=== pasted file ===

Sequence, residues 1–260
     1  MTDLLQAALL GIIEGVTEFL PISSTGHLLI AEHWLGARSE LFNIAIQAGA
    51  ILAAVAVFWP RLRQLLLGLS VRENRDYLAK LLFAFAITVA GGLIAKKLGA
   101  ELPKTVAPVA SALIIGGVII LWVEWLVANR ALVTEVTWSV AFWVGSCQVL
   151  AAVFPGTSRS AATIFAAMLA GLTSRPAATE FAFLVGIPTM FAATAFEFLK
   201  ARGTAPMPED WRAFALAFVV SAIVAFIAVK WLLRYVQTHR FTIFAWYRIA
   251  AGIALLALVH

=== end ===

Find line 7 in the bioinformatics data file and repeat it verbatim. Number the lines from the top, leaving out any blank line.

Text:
   251  AGIALLALVH